A Democrat-aligned group focused on health care is seeking to give 10 vulnerable House members an early political boost through a new $2 million ad campaign.
Protect Our Care plans to launch a digital ad campaign Wednesday to promote the work by 10 Democratic freshmen on health care issues, touting votes to protect preexisting condition protections.
That theme, which Democrats say was key to them winning the House last fall, is one they hope to extend into the 2020 cycle. Republicans hope to turn the focus instead to presidential candidates sparring over government-run “Medicare for All” proposals.
The group’s effort, partially backed by the Service Employees International Union, will include running ads in districts targeted by the National Republican Congressional Committee that will likely be crucial to determining control of the House next year.
Polls show that health care remains a top priority for voters and support for guaranteeing insurance coverage for preexisting conditions is high among members of both parties. Democrats have sought to prove Republicans don’t support those protections to the same extent as their own party.
“When you get into health care, that’s one of the things that everybody understands and, regardless of party, seems to support and want protected,” said Joe Trippi, a veteran Democratic strategist and partner at TNR Campaigns. “Most of the candidates on the Democratic side, at least, who won in a lot of these swing districts, it was on health care and particularly on protecting preexisting conditions.”
“It’s definitely still going to be a major issue, particularly with Trump and the Republicans again looking like they want to campaign on repealing and replacing Obamacare,” he added, referencing comments by House Republican lawmakers at a party retreat in Baltimore last week.
The ad buy is a significant investment at this stage of the election cycle. Leslie Dach, Protect Our Care’s chairman, said the buy is the first foray in a longer campaign the group will run leading up to next year’s election. He declined to say how much the group anticipated spending overall, but said it would continue to focus on the 2010 health care law and efforts to lower prescription drug prices, specifically by allowing Medicare to negotiate prices, the focus of legislation House Democrats are expected to unveil soon.
“We thought it was important to educate constituents about members who kept their promises,” Dach told CQ Roll Call. “It’s important to do now in 2019 when the votes are happening and before the airways are overwhelmed with partisan advertising. This is a time to talk about what actually is getting done.”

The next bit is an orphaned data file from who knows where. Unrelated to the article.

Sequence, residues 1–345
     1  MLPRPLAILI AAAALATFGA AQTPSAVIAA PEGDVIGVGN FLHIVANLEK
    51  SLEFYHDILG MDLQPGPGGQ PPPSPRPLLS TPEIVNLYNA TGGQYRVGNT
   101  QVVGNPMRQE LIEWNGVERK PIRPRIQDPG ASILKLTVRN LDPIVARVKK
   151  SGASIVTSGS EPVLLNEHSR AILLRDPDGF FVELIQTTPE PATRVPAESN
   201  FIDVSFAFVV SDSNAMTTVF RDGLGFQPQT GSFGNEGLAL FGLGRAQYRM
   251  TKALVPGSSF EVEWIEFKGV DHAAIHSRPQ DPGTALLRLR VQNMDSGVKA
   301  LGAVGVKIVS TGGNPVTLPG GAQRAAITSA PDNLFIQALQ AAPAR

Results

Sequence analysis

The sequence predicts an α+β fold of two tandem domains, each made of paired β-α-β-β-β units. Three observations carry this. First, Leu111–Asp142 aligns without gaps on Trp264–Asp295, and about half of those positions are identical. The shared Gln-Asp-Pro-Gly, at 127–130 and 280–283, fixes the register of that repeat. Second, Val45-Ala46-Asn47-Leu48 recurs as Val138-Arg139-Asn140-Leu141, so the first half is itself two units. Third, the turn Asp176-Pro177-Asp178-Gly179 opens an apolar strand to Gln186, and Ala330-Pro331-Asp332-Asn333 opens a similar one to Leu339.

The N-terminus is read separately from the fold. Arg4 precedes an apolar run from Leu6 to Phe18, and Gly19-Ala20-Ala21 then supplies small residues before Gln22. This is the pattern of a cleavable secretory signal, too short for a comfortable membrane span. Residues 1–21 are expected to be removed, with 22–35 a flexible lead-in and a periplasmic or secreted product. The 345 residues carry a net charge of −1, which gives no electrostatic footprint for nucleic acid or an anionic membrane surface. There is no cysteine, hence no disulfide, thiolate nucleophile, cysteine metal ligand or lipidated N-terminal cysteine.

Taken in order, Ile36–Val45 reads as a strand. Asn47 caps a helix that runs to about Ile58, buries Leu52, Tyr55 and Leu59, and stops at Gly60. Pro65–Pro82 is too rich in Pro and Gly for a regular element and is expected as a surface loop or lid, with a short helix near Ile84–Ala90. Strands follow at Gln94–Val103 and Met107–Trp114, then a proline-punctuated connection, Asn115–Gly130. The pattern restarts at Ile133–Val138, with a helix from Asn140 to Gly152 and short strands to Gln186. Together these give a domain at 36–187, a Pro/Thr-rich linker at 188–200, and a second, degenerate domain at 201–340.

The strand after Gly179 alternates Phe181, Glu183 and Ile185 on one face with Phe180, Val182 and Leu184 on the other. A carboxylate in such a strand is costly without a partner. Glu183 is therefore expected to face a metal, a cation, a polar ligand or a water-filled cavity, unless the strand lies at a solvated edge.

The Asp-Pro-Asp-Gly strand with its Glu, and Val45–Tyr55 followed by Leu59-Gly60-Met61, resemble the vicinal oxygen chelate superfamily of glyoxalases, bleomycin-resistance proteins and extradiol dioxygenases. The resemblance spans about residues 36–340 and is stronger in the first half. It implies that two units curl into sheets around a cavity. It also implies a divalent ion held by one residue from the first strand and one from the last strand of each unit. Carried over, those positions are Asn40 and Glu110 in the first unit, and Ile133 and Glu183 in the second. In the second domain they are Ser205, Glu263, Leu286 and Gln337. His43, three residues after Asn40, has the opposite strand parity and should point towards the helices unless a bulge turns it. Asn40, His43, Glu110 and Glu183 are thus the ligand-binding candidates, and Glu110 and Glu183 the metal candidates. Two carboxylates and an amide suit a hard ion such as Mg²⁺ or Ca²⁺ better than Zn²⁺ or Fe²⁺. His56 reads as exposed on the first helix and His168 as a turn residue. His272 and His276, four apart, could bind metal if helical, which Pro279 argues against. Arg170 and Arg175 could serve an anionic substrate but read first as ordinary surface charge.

The House voted in May on a health care bill that, in part, would overturn 2018 Department of Health and Human Services guidance that sought to make it easier for states to allow insurers to offer health plans that don’t meet all of the 2010 law’s requirements, including guaranteeing coverage for patients with preexisting conditions.
The ads will support Democrats Colin Allred of Texas; Cindy Axne and Abby Finkenauer of Iowa; Andy Kim of New Jersey; Katie Porter of California; Elissa Slotkin and Haley Stevens of Michigan; Abigail Spanberger of Virginia; Xochitl Torres Small of New Mexico; and Lauren Underwood of Illinois.
Dach said those lawmakers had been leaders on health care issues and sponsored significant bills on the topic.
“Rep. Colin Allred is keeping his promise to protect health care for people with preexisting conditions,” one of the ads says. “Some in Washington want to let insurance companies deny coverage for millions of Americans with cancer, asthma or diabetes. Not Colin Allred. He is standing up to them and standing up for us.”
The ads will reinforce the message that the 10 candidates will likely campaign on this cycle. Meanwhile, Republicans will probably try to tie even Democrats who don’t support a Medicare for All plan to that proposal, which divides the public.
“House Democrats are desperate to distract from their socialist government-run health care plan that makes private health insurance illegal,” said Michael McAdams, the national press secretary for the NRCC. “Oh, and we look forward to Democrats denouncing these ads since they are opposed to outside spending.”
Health care was a common advertising topic during the 2018 cycle, and the issue has remained on the airwaves this year, if in a different way. Lately, the most common health care ads have been focused on how lawmakers should address surprise medical bills, with groups like Doctor Patient Unity and the Coalition Against Surprise Medical Bills promoting their favored solution to the issue.
The Protect Our Care ads will run on social media platforms Facebook, Twitter, Instagram and YouTube through connected devices like smartphones, televisions and computers.
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